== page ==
“How many times can this woman write the word ‘actual’ in a headline?” you ask, annoyed. Well, you would actually have to assure yourself this is an actual situation, too, if you had to blog about someone buying a wall sign—a sign!—of letters and numbers alluding to “Lambo” for the price of an actual Lamborghini.
Art is beautiful, it is—whether we’re talking about stuff that’s drawn, done by hand, sculpted or photographed. But everyone has a different definition of art, and how much they’re willing to pay for it. Here’s a good exhibit.
Business Insider reports that former Skype COO Michael Jackson recently bought an artwork called “Yellow Lambo” for $400,000, which is a bright sign that shows letters and numbers that loosely represent “Lambo” with a blockchain address. The price is far more than most of us make in a year, spent on our home, or could ever imagine winning in the lottery. It’s also the base price of the most expensive car in Lamborghini’s regular lineup, the Aventador.
Business Insider reports that the artist who sold the artwork, Kevin Abosch, is popular for his photos of inanimate objects and real people. He does portrait sessions on black backdrops with the world’s most tolerable people, Silicon Valley’s big names, for anywhere from $150,000 to $500,000, the story said.
The sign is one of Abosch’s recent sales, and for it, Business Insider reports that he set up a cryptocurrency token called YLAMBO. It’s a representation of the “#lambo” hashtag that crypto enthusiasts use, since it became a big trend for people cashing out on crypto to buy a Lamborghini with their new wealth.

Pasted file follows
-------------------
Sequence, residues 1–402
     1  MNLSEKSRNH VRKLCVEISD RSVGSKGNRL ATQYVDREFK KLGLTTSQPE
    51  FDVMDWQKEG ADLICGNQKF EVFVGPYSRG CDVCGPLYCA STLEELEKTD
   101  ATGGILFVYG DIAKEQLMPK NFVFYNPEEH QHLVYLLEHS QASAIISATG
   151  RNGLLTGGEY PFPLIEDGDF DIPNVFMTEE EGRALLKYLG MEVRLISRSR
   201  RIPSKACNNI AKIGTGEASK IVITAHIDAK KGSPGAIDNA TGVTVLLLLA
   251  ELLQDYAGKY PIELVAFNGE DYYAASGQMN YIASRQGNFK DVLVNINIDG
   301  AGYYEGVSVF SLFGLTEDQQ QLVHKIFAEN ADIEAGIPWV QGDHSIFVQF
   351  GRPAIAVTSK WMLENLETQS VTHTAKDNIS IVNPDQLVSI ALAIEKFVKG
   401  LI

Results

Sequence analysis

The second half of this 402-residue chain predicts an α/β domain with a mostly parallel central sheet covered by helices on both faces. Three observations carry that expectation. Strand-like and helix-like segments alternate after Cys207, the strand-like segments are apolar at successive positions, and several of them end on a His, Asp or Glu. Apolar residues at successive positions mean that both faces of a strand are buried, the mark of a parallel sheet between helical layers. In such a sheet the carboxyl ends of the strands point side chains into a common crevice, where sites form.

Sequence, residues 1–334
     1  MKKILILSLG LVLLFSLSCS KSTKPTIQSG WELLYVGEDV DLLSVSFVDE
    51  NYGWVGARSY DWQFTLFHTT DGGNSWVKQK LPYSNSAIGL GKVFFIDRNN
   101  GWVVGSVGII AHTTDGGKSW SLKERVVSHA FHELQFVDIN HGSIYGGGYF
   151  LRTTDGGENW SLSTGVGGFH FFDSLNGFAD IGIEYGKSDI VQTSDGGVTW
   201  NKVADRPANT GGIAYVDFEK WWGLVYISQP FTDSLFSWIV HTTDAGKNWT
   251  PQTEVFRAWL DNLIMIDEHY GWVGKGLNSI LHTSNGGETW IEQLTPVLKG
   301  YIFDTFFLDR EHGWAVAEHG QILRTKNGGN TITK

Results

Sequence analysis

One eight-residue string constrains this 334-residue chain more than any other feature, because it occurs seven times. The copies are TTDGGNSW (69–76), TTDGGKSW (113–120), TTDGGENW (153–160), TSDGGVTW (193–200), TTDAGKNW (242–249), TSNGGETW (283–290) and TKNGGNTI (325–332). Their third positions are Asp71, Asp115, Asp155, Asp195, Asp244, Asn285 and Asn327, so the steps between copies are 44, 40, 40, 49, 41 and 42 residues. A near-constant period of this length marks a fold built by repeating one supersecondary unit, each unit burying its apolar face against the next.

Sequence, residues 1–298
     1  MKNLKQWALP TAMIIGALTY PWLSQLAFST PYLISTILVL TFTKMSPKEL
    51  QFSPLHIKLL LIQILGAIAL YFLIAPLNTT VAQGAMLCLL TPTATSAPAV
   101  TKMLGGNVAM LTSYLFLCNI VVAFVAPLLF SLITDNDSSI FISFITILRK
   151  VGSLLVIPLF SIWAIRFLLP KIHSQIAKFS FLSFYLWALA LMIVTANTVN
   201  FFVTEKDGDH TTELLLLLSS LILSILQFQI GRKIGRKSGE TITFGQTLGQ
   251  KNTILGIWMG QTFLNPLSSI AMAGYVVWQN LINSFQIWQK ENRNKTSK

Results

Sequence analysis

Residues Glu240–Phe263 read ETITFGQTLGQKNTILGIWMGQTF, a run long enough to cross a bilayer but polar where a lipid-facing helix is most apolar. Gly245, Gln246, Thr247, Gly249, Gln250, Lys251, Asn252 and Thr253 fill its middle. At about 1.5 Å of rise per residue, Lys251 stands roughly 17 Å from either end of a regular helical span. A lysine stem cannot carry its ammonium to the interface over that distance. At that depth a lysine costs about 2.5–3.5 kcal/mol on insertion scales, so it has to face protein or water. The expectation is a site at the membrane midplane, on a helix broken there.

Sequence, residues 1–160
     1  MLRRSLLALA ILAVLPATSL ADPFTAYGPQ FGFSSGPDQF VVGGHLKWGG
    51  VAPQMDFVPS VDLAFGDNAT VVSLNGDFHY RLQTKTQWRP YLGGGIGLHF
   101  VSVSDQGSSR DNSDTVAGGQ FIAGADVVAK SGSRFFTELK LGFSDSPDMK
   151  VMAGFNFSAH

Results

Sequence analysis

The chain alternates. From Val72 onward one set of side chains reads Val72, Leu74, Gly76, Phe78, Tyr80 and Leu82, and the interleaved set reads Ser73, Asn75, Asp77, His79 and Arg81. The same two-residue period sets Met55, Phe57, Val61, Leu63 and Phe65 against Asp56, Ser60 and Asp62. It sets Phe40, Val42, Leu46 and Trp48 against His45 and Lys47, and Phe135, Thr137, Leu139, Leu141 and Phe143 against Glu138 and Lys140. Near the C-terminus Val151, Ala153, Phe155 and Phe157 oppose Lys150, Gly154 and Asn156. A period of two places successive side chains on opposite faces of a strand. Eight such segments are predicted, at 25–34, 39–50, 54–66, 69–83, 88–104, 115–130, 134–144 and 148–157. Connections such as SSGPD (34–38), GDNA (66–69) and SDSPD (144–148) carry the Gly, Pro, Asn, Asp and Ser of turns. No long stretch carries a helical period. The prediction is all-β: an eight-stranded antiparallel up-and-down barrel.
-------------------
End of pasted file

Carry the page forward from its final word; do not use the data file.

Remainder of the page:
Abosch is also artist who famously sold a photo of a potato—a potato!—for $1 million in 2016. He then sold a cryptocurrency “rose token” digital artwork for $1 million on Valentine’s Day this year, which can’t be touched or displayed but can definitely be sold or given as a strange virtual gift.
Of the potato photo, Abosch’s studio told PetaPixel:
“Kevin likes potatoes because they, like people are all different yet immediately identifiable as being essentially of the same species,” his studio tells PetaPixel. “He has photographed many potatoes. This one is one of his favorites.”
Of the digital rose, Abosch told Business Insider:
“There is no physical or visual manifestation of the work,” said Abosch. “Someone asked me, ‘How is it possible that something that you can’t see or touch can have value?” Abosch’s answer: “I have to wonder whether or not people who ask this question have an unhealthy relationship with material things.”
And of the Lamborghini sign, Abosch told Business Insider:
“Depending on who you speak to, one person might ask, ‘Why would someone spend $400,000 on bitcoin?’ Another person might ask, ‘Why would someone spend $400,000 on a car or a piece of artwork?’” said Abosch. “It’s a cause for discussion on why and how we value anything at all.”
It’s a creative idea, taking a digital record—something that’s not tangible but used to do tangible things like make purchases—and bring it to life. But maybe not for $400,000.